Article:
U.S. Grant and S.B. Buckner were cadets at West Point.
Cadets Grant and Buckner
Ulysses S. Grant, class of 1843, and Simon Bolivar Buckner, class of 1844, were both midwesterners of middle-class standing both financially and academically.
West Point classes were small prior to the Civil War, perhaps 40 or 50 cadets. Most students had at least a passing acquaintance with their upper and lower academy mates.
Grant, an Ohioan, was a year ahead of Buckner, unremarkable except for his “U.S.” initials and his superb horsemanship. He graduated mid-class.
Simon Bolivar Buckner, a Kentuckian was likewise unremarkable, except for his “namesake” monicker and his good looks. He also graduated in the middle of his class.
The acquaintanceship between them was pleasant, but casual.
Lts. Grant and Buckner renewed their cordial old-school-ties during the War with Mexico. Then they went their separate ways. Grant remained in the Army; Buckner, always drawn to the military and then seduced away by civilian opportunities, joined-and-resigned the army several times, with no detriment to his career or advancement. It was commonplace.
Grant and Buckner: The First Crucial Conversation
When gold was discovered in California in 1849, the Army sent troops to the territory to maintain a presence – and order.
Grant, a recent husband and father, was assigned to quartermaster duties fifteen hundred miles away from his dearly beloveds. Bored with his duties and desperately homesick for his family, he fared badly and began to drink. Faced with the threat of dismissal, Grant resigned, and slowly made his way back home.
He was broke when he reached New York City, and by chance ran into Simon Buckner. Legend has it that Grant asked his old friend for a loan, and Buckner, in more comfortable finances, advanced the funds.
The sentiment and background is true, but the details are not. According to Buckner many years later, Grant was down on his luck, but had wired his father asking for traveling money, and was waiting for the funds. The hotel manager was pressing however, and refusing him further credit. Buckner said that he knew the manager, and would vouch for his old friend. He convinced the manager that Captain Grant was an honorable man and good for his debts. Grant gained an extra day or two of room and board.
No money exchanged hands, but Buckner was a friend when a friend was needed, and Grant never forgot.
Grant and Buckner: The Second Crucial Conversation
A decade later, a more noteworthy meeting took place between the two old friends at Ft. Donelson, TN. The Civil War was raging, and both ex-West Pointers were now Generals – on opposing sides.
Buckner was one of three generals defending the large fortress on the Cumberland River. John Floyd, a “political” general, was senior, and decided to slip away. Having been a member of President James Buchanan’s cabinet, he knew that if captured, he could be hung for treason, a reasonable assumption.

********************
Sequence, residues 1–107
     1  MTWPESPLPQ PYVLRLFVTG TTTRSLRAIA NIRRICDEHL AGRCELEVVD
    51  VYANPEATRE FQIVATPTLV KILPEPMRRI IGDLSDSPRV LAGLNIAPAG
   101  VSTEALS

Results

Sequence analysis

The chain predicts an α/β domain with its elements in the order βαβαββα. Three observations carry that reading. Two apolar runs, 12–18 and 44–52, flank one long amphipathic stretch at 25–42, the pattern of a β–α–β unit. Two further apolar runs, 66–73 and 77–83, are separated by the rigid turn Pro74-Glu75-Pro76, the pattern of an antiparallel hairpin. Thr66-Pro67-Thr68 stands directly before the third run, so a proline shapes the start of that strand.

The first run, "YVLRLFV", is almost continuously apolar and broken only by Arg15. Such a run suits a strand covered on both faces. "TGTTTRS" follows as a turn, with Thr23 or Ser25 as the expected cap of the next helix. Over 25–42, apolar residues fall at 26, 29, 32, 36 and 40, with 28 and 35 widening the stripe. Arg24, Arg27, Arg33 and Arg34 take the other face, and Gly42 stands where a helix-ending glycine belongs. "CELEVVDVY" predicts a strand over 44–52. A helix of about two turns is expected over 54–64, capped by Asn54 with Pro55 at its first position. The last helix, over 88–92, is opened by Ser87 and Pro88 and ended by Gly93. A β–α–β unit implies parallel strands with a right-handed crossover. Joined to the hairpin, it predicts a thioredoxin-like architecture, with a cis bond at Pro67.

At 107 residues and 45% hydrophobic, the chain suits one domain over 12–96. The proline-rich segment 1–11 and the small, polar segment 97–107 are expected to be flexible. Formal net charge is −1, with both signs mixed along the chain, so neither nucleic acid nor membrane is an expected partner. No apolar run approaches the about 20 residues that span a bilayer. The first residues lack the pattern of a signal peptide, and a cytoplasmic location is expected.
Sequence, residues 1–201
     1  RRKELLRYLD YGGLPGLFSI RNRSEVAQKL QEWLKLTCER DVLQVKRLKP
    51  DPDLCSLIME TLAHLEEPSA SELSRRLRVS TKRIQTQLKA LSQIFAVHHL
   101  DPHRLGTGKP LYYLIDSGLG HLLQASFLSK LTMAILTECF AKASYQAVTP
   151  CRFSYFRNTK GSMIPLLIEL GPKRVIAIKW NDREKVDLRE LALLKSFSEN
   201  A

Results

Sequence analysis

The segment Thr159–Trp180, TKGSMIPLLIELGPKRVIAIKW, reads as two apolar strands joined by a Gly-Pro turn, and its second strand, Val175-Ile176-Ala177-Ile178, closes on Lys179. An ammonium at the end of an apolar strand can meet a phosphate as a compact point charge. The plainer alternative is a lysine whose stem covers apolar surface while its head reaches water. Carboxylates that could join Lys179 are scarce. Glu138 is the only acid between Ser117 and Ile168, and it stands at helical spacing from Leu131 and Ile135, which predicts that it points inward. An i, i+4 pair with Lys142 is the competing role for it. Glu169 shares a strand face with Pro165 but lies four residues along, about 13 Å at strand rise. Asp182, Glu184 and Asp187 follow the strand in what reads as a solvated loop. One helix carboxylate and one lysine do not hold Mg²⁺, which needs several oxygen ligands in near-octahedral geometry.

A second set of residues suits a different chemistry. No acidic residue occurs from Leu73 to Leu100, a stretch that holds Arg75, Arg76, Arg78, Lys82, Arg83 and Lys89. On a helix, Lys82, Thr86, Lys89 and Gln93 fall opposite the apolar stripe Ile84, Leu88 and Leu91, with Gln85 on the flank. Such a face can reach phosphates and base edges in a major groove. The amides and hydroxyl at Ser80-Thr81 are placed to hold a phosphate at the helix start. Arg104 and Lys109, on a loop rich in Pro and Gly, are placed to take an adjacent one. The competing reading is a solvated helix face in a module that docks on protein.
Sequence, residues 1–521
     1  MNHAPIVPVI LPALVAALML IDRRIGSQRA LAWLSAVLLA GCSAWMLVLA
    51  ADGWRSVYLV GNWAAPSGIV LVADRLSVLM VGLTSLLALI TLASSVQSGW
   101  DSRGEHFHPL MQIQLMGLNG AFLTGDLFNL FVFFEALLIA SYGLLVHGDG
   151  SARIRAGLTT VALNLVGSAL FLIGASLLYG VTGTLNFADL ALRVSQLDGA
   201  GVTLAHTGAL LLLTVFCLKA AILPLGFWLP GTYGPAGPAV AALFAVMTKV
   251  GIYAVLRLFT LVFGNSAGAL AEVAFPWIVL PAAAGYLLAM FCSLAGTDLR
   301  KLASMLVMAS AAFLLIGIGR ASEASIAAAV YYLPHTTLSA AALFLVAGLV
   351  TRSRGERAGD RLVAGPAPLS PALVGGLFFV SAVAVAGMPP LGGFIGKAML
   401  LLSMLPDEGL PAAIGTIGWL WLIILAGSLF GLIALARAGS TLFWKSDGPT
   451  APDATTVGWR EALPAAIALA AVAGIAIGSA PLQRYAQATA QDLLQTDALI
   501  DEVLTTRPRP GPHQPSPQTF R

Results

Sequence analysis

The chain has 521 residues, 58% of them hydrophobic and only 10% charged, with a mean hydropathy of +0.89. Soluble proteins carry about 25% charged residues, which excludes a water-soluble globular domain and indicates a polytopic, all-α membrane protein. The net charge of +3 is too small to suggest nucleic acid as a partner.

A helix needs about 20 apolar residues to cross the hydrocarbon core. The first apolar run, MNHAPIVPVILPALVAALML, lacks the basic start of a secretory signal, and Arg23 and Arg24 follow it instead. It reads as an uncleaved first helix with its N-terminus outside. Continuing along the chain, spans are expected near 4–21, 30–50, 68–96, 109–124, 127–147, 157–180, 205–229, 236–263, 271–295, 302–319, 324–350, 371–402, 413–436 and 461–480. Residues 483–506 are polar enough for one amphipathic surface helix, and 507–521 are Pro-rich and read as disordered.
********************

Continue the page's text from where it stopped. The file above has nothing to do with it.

As second-in-command, General Gideon Pillow also opted to slip away believing himself too great a prize for the Union. He had taught Grant and Buckner at West Point, and was a senior officer in the War With Mexico.
That left Simon Buckner.
He sent Grant a formal message, requesting the terms and procedures for surrender. USG replied with a curt note: Nothing but Unconditional Surrender was acceptable, thus earning another one of his nicknames.
Despite the blunt exchange, the actual meeting between the old friends was extremely cordial, according to Buckner – once their business had been accomplished. They reminisced for a half hour, and Grant dryly remarked he would likely have let Pillow go, since he believed he was more valuable to the Union by retaining Confederate command. Neither Grant nor Buckner had high regard for Pillow. Grant added that had he known Buckner was in charge, he would have waited for reinforcements.
Then Grant quietly suggested that since Buckner would be taken prisoner, Grant’s purse was at his disposal. Buckner declined, saying he did not need any money, but they both remembered earlier times.
Grant and Buckner: The Third Crucial Conversation
More than twenty years passed. Grant’s career was well known. Buckner indeed had been a POW in New England before he was exchanged and reassigned. After the War, he returned to private endeavors, took the oath of allegiance, and even served on-and-off in the United States Army.
In 1884-5, ex-President Grant was dying of cancer as well as writing his Personal Memoirs in an effort to provide financially for his family following a disastrous business fiasco.
With the entire country maintaining a death watch during the hot summer of 1885, General Grant was moved from his NYC townhouse to a cooler climate in the Adirondack Mountains. Only a few days before he expired, he was visited by Simon Buckner, one of the very few men the dying General agreed to see.
Grant could barely whisper a greeting, and communicated by written note, but the gesture of their 40-year friendship was appreciated.
According to Buckner, “I wanted him to know the Confederate soldiers appreciated his conduct at every surrender during the war and after the war in reconstruction days.” He continued, noting that when he returned to New York, newspapers were clamoring for interviews but he declined. Their meeting was personal and private.
A day or two later, he received word that General Grant desired that their conversation be publicized, and Buckner granted an interview accordingly.
Grant died only days later. Simon Bolivar Buckner, classmate, Confederate and good friend was an honorary pallbearer at his funeral.
Flood, Charles Bracelen – Grant’s Final Victory: Ulysses S. Grant’s Heroic Last Year – 2012, DaCapo Press
Goldhurst, Richard – Many Are the Hearts – 1975, Reader’s Digest Press
Grant, Ulysses S. – Personal Memoirs of Ulysses S. Grant – World Publishing (reprinted) 1952